As COVID-19 rages through Central Valley hospitals, Calaveras County’s only hospital waits with bated breath.
State data showing 0% ICU capacity in the San Joaquin Valley Region, in which Calaveras and Tuolumne counties have been grouped for COVID-19 monitoring purposes, do not reflect the current situation locally, according to Doug Archer, President/CEO of Dignity Health Mark Twain Medical Center in San Andreas.
While valley hospitals are getting “hammered” by a post-holiday wave of COVID-19 patients, Calaveras County is “by no means in that boat,” Archer said. At least, not yet.
Total hospitalized patients at Mark Twain have remained at an average of about 14 since the Thanksgiving surge, nowhere near the hospital’s bed capacity of 25. In the case of an unprecedented influx of patients, staff members at the facility can execute a surge plan and nearly double the number of beds within hours, Archer said.
Archer added that state data on ICU bed availability does not reflect the surge plans at most hospitals, which allow for a significant increase in capacity.
While some regional hospitals have activated their surge plans, Mark Twain remains in the clear, peaking at nine COVID-19 patients just before Christmas. Since then, the average number of hospitalized COVID-19-positive patients has hovered at around four, Archer said. The small community hospital even accepted a transfer patient from Stockton two months ago due to limited capacity in the Central Valley.
“Although none of us want to be here in the pandemic, if you’re in Calaveras County, you’re in an enviable position compared to some of your other friends in California,” Archer said.
On New Year’s Eve, the hospital discharged its longest-staying COVID-19 patient after she spent 41 days on a ventilator. According to Archer, an average stay at the hospital is four days. So far, four COVID-19 related deaths have occurred at Mark Twain, three of whom were advanced in age and had chronic conditions.
Though cautiously optimistic, Archer expects the recent holidays will bring another surge in the coming weeks.
“Generally, with what’s been going on with the patterns, we’re about three weeks behind Stockton,” Archer said.
In San Joaquin County, the positivity rate as of Tuesday was at 17%—significantly higher than Calaveras’ 11%. In a population of roughly 752,000, state data showed 333 hospitalized COVID-19 patients and 87 of those patients in ICU, leaving just 17 standard ICU beds available.
Archer is hopeful that if a similar surge does make its way to Calaveras County, it will be after the demand in the Central Valley has subsided somewhat, allowing for patient transfers, if needed.
Yet daily confirmed COVID-19 cases in the county have been on the incline since November, and first responders are taking notice.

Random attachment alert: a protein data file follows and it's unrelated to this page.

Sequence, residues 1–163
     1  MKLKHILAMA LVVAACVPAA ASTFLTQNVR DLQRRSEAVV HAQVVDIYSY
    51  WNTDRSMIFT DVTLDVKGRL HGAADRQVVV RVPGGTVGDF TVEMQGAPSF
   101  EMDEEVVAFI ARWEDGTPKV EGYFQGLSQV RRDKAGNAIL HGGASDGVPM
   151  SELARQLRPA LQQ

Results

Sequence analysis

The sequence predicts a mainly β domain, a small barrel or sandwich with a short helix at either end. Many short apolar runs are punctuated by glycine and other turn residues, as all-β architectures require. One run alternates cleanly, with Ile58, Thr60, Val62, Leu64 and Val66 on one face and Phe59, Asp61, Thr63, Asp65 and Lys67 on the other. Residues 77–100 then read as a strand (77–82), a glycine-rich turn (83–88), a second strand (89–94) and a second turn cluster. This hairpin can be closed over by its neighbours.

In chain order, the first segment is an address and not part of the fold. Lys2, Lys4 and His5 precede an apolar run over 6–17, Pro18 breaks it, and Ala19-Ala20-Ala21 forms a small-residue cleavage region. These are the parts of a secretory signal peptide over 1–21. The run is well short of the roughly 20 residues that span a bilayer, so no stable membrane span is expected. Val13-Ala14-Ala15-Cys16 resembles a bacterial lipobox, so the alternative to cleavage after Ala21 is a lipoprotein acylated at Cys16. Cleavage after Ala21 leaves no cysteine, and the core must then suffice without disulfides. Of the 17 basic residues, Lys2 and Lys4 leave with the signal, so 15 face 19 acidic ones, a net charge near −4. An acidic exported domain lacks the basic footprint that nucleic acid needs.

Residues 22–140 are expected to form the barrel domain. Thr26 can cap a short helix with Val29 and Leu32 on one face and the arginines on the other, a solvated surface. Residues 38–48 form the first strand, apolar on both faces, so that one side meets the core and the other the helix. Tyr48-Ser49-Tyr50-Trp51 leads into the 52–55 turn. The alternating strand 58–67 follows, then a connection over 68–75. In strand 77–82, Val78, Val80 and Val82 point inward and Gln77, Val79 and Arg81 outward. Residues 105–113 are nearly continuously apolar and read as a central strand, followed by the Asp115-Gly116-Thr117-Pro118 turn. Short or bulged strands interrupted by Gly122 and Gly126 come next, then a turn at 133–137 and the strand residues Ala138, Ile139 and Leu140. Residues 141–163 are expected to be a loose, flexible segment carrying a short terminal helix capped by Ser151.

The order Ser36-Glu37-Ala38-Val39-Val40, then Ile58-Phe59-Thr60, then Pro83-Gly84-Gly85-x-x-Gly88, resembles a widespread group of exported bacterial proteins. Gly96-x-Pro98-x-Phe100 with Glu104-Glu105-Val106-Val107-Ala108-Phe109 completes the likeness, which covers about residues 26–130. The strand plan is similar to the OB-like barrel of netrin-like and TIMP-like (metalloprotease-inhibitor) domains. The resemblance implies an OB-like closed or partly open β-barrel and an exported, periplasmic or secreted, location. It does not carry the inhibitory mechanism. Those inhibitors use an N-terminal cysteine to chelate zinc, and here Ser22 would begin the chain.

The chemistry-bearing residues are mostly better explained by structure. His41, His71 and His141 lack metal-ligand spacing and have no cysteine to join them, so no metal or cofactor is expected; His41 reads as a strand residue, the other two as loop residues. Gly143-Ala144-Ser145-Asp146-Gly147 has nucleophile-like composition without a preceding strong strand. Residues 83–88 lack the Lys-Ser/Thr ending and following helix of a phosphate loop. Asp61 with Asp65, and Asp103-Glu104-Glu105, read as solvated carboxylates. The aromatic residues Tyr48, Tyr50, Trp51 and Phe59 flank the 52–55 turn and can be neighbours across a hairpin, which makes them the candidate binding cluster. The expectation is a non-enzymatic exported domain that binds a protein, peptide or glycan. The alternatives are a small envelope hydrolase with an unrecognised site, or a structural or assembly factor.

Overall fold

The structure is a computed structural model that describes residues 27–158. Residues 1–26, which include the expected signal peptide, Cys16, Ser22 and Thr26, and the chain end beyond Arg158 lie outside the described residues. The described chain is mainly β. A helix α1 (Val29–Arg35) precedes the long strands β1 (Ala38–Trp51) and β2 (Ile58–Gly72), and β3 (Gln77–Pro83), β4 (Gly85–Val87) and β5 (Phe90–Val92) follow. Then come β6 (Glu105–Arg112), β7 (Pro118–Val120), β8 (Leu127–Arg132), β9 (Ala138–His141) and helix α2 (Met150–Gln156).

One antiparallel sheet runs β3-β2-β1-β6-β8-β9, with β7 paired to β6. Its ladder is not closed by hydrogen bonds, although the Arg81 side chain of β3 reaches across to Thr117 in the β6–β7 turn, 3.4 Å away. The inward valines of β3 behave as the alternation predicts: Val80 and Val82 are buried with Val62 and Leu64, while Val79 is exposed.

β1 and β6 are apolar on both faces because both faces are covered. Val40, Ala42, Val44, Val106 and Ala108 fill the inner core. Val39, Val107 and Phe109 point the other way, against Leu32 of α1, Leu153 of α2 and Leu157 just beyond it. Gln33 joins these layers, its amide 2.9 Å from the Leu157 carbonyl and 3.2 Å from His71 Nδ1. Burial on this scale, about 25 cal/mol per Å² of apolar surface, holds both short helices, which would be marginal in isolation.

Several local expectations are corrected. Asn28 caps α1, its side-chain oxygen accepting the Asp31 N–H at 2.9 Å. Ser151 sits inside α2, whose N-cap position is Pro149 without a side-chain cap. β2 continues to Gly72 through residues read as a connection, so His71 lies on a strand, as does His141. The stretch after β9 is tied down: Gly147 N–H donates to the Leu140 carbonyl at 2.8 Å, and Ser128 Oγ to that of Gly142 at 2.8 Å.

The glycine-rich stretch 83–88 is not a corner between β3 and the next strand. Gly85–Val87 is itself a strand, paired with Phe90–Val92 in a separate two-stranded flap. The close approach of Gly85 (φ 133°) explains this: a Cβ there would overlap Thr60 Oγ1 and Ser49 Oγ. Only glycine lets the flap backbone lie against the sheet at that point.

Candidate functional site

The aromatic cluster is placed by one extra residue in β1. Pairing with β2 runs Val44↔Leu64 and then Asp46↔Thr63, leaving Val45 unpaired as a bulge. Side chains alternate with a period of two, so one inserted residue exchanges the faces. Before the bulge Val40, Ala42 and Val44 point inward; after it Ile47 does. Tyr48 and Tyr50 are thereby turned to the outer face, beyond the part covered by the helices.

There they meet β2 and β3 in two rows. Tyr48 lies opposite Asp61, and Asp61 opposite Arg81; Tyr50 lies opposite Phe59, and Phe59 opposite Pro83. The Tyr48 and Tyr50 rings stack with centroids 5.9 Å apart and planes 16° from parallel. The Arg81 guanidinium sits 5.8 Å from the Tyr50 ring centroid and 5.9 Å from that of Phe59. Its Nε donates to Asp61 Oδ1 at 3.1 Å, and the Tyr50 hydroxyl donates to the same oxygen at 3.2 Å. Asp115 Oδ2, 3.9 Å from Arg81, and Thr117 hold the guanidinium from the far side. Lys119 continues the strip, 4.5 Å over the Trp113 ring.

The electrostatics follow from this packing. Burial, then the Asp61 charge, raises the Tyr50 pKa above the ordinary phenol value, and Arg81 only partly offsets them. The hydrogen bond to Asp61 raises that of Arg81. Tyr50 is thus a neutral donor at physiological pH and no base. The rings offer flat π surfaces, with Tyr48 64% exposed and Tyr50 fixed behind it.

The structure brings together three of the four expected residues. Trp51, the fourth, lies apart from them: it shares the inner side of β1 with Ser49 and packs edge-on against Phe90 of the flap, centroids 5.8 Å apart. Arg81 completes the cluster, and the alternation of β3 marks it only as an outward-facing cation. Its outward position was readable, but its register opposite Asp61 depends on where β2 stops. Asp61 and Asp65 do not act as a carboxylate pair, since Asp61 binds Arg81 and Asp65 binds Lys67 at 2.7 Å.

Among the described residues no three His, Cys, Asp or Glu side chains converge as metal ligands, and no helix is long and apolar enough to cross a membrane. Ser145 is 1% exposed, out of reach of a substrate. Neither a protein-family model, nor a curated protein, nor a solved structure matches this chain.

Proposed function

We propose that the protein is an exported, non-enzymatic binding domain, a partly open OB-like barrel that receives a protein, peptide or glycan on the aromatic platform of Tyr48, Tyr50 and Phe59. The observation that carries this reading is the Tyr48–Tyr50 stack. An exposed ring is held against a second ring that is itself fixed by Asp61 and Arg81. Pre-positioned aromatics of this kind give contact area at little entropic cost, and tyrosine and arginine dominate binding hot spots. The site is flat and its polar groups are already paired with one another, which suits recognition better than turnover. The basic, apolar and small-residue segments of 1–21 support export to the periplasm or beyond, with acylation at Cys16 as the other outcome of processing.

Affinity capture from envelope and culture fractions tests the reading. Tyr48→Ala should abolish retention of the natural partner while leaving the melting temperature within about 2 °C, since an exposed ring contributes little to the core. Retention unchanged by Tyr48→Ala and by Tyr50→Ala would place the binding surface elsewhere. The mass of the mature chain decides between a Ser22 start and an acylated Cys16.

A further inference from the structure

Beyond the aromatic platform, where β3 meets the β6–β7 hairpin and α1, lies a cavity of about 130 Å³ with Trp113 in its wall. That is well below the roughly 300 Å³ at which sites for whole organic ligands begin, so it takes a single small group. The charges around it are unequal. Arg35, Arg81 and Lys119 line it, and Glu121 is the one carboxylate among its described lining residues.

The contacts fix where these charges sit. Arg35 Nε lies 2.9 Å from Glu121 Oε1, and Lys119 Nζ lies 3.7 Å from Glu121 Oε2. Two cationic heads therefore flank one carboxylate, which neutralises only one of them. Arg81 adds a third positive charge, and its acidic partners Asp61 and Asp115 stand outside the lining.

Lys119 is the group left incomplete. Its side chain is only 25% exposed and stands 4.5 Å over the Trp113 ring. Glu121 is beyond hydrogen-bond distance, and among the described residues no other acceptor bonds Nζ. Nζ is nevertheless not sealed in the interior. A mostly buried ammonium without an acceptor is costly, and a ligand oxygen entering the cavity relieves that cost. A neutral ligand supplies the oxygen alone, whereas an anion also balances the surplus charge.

Last week, Angels Camp Fire Chief John Rohrabaugh posted a public message on Facebook encouraging residents to practice safe behavior.
“Over the last few days we have seen a major increase in COVID-19-related 911 emergency calls in our small community,” Rohrabaugh wrote, stating that in the last five days, 50% of all 911 calls in Angels Camp were for COVID-19 patients, and one of them had died. “If you have to leave your house please wear a mask or face covering. This is probably the most single important thing we can do to decrease the spread in our community.”
Rohrabaugh told the Enterprise that he was “proud” that nearly all of his firefighters chose to be vaccinated against COVID-19, with over 70 total vaccinated on Dec. 29. Rohrabaugh was the first.
At Mark Twain Medical Center, the vaccine has been administered to all staff members who wanted it—roughly 50% of total staff. Those vaccinated will receive their second dose on Thursday. Archer said that the approximately 175 staff members vaccinated was “not too bad,” considering that just 35% were willing in the beginning.
“I think a lot of people didn’t want to go first,” Archer said.
Vaccines for residents and staff at the county’s only skilled nursing facility, Avalon Health Care in San Andreas, also became available early last week. An Avalon spokesperson did not report how many, or if any, vaccines had been administered at the facility, which suffered a devastating outbreak in September, accounting for the majority of countywide COVID-19 deaths.
“Think it’s going pretty well here,” Archer said of the vaccine rollout. “It might be a little while before it gets to the general public, but the county is doing a good job of getting it out to first responders, sheriffs, paramedics, you name it. We’re moving through it very quick.”